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Human Rights, Scandal, and the Press. Edition No. 1 - Product Image

Human Rights, Scandal, and the Press. Edition No. 1

  • ID: 1912409
  • May 2009
  • 256 Pages
  • VDM Publishing House

How does the concept of human rights become part of
the public discourse of a nation? In this book, the
author argues that the role of the print media –and
more specifically, the symbolic work of media
scandals– is a pivotal yet underestimated aspect to
explain the rise and consolidation of human rights
as a public discourse. This book relates the case of
Mexico to demonstrate this importance. Mexico’s
political system has taken major steps toward the
achievement of democracy, namely the rise of more
independent media. Based on three human rights
scandals between 1978 and 1996, and using text
interpretation, this study analyzes the news
articles related to each crisis in different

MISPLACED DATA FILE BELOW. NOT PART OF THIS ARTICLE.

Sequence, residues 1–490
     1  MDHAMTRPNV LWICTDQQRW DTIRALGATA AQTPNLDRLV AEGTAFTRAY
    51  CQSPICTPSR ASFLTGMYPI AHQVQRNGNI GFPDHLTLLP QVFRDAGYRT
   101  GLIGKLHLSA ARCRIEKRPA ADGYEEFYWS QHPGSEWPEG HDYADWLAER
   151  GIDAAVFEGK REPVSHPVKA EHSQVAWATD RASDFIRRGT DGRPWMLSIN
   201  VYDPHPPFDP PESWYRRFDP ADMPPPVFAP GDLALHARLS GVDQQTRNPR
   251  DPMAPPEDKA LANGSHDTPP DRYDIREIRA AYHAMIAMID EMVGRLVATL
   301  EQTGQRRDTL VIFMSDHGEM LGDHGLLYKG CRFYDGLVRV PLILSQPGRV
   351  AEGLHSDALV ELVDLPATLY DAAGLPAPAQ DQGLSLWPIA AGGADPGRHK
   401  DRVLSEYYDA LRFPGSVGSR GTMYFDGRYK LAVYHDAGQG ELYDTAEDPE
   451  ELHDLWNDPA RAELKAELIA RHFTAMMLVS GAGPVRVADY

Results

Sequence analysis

mainstream newspapers. The book concludes that
despite other significant explanations, the symbolic
frameworks that emerged in the course of each of
these critical events, forged by an increasingly
independent press, were key in the rise and
consolidation of human rights as a discourse in
Mexico’s public sphere, which in turn shows the
significance of symbolization and its eventual
social effects.

Luis, Escala Rabadán.
Luis Escala-Rabadán is a sociologist who completed his graduate
studies at the University of California in Los Angeles. He is
currently on the research faculty of the Department of Social
Studies at El Colegio de la Frontera Norte in Tijuana, Mexico.

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